Mrs. Webb to Give Paper on Dyslexia in the Netherlands

Mrs. Webb to Give Paper on Dyslexia in the Netherlands

A Curry College Educator who has been a pioneer in the field of Learning Disabilities in children will present a paper at the Annual Conference of the International Federation of Learning Disabilities (IFLD) in Amsterdam, the Netherlands, Jan. 4-7.

Mrs. Gertrude Webb of Waltham, director of the Curry Learning Center, is among several Americans who are participating in the conference, which is being conducted in cooperation with the Department of Special Pedagogy at the University of Nijmegen in the Netherlands.

Mrs. Webb is a member of the Waltham School Committee.

The objective of the conference, according to Prof. Webb, is to generate on an international basis, a more effective communication of the advances in the field of learning administrators, students, mental health workers, psychologists, curriculum specialists, educators, and professional clinical staff from all over the world will be in attendance.

Prof. Webb, founder and first president of the Massachusetts Association for Children with Learning Disabilities, will deliver a paper on Curry College’s Program of Assistance in Learning (PAL).

The PAL program was instituted at Curry’s Learning Center in the fall of 1971 with the aim of providing tutorial assistance to intellectually able, but learning-disabled students, most of whom suffer from dyslexia.

Four students were enrolled in the program that first season; this year more than four times that number are participating. Most of these students would never have been able to get a college education because of their special needs, according to Mrs. Webb. “Even when such people have been admitted to college, no provision has been made to assist them in their learning.”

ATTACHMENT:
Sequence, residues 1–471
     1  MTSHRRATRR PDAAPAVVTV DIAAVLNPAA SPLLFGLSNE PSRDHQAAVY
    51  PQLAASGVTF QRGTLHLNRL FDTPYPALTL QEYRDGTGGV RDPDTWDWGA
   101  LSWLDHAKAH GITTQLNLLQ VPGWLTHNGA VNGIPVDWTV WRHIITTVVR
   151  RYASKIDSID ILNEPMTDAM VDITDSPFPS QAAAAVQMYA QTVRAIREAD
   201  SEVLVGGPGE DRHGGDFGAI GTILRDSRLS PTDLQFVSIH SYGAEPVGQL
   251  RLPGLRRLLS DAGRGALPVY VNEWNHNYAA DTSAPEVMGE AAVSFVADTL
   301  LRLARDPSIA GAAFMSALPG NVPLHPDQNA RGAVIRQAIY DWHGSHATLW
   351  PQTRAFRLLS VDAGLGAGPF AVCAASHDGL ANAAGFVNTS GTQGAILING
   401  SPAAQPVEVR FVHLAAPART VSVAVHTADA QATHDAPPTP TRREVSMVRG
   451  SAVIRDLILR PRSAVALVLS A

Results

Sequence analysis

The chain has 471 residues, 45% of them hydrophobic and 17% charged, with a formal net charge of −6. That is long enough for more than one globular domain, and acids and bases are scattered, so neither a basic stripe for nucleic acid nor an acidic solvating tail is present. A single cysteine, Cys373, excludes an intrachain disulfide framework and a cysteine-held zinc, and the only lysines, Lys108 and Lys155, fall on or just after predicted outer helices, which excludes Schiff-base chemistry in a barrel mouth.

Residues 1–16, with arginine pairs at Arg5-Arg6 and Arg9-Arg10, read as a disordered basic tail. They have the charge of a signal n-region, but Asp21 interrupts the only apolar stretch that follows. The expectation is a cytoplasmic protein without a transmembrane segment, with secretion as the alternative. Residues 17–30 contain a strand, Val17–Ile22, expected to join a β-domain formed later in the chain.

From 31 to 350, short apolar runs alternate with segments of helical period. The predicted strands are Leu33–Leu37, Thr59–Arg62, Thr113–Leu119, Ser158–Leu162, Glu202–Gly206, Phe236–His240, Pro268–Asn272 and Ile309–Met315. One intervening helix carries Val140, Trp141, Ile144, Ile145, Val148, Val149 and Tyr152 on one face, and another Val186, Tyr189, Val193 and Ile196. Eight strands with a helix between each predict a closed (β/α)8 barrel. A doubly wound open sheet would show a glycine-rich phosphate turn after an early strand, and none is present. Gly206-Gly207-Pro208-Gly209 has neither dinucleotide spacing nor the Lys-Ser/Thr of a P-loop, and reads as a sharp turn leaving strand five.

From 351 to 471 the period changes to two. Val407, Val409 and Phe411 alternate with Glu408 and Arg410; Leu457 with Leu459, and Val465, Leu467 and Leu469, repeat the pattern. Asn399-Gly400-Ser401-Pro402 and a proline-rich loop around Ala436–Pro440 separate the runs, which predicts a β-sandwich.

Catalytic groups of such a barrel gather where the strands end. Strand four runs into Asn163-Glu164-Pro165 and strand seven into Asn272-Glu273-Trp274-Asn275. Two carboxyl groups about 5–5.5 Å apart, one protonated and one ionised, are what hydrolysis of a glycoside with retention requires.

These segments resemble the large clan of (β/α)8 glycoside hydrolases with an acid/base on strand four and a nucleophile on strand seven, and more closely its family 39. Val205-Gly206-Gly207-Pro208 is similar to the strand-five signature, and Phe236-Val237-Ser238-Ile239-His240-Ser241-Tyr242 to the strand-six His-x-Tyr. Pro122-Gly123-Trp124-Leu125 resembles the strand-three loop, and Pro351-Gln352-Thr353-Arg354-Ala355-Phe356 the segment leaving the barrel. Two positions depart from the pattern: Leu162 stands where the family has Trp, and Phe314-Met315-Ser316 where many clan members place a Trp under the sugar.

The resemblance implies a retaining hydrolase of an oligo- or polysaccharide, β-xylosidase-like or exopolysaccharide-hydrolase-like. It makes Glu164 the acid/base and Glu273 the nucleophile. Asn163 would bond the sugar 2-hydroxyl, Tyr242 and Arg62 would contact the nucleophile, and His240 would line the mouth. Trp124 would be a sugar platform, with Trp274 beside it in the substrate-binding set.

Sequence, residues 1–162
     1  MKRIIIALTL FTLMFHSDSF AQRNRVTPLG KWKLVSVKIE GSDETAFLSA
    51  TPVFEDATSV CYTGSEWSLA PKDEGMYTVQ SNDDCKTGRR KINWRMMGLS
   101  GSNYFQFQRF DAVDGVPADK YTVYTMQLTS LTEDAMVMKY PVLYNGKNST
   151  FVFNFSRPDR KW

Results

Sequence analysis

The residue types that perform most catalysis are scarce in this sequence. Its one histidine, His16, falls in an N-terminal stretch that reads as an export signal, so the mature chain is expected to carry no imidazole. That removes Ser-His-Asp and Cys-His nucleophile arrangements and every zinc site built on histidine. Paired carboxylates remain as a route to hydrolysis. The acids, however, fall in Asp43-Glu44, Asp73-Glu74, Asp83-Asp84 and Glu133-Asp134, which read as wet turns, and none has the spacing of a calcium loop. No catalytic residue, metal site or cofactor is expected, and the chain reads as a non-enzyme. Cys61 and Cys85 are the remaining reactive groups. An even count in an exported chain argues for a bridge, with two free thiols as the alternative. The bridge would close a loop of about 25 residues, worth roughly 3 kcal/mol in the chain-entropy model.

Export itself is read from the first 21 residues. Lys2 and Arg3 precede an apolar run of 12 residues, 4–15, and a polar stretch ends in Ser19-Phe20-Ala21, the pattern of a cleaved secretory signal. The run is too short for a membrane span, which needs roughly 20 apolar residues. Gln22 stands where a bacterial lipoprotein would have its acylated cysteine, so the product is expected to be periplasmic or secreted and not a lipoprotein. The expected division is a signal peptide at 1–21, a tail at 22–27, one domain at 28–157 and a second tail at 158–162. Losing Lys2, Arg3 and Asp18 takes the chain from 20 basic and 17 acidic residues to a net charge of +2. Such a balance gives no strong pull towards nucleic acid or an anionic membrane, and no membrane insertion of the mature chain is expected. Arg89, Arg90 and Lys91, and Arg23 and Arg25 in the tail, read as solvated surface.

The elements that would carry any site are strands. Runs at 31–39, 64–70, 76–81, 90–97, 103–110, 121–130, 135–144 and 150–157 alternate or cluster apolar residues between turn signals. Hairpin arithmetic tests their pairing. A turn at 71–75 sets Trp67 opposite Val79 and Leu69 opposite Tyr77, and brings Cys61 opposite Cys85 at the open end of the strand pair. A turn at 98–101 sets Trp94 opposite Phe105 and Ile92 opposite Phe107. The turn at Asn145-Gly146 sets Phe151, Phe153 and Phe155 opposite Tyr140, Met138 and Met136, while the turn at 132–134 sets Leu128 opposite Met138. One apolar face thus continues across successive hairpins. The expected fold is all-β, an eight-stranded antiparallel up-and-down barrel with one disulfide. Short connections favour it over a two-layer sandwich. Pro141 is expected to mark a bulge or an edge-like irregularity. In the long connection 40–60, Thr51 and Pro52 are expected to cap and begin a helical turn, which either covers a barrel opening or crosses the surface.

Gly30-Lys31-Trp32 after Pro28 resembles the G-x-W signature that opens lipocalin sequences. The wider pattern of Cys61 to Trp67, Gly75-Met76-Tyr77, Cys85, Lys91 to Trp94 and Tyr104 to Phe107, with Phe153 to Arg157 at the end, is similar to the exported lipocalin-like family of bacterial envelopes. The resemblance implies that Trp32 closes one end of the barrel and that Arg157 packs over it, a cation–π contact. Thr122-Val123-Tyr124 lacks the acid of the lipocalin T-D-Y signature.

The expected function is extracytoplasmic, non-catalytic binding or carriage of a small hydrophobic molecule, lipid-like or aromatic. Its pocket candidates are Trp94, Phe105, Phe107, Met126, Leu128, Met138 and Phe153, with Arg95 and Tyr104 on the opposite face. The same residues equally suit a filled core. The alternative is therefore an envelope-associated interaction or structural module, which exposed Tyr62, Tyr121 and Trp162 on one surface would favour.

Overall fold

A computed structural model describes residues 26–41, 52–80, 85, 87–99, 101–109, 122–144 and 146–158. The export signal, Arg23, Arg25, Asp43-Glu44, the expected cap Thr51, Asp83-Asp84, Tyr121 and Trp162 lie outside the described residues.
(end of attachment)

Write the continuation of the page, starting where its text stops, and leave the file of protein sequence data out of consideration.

A key feature of the PAL tutorial program is the use of tape-recorded textbooks which the student listens to as he reads along in his printed textbook. Reading difficulty is a principal symptom of dyslexia.

The individually-designed PAL program is in addition to the regular college curriculum, according to Mrs. Webb. “All PAL students are integrated into the college for their regular courses. They carry a full academic load and are in no way segregated from the regular population.”

In addition to the PAL program, the Learning Center also trained diagnostic and prescriptive teachers for servicing children with special needs in public and private schools, and conducts its own Laboratory School.